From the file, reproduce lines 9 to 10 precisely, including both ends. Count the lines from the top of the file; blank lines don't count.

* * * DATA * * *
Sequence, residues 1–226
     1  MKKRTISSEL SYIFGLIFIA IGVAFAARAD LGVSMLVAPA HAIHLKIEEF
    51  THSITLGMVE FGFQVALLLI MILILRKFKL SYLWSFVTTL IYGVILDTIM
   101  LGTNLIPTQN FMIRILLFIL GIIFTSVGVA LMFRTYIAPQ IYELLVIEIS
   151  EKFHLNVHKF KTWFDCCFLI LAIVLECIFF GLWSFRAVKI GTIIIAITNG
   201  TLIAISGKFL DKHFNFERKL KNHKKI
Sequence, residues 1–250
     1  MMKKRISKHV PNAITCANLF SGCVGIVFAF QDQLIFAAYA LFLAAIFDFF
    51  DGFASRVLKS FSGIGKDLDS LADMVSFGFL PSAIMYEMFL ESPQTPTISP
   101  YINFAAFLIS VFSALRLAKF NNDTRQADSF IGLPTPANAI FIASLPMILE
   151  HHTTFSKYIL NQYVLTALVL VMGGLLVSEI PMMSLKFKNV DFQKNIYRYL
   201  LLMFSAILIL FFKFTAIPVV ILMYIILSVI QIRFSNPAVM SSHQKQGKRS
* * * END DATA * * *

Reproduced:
    51  DGFASRVLKS FSGIGKDLDS LADMVSFGFL PSAIMYEMFL ESPQTPTISP
   101  YINFAAFLIS VFSALRLAKF NNDTRQADSF IGLPTPANAI FIASLPMILE